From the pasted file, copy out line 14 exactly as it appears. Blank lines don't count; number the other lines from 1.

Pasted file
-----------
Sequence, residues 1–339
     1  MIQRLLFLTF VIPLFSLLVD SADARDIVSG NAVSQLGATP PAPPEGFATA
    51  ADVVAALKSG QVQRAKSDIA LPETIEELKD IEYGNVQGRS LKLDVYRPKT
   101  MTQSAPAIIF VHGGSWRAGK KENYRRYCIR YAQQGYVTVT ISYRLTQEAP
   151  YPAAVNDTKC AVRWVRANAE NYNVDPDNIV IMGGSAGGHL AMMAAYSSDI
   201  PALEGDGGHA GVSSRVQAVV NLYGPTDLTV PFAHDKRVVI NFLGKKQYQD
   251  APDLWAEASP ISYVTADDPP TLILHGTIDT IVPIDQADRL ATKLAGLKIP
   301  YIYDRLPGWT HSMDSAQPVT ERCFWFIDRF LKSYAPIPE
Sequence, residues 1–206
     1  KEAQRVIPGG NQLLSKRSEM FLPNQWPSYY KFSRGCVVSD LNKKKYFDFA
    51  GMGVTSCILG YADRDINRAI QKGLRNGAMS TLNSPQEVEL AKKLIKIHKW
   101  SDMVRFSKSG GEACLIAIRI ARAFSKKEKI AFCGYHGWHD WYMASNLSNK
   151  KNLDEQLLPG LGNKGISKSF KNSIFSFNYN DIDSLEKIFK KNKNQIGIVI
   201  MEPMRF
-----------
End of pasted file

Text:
   201  MEPMRF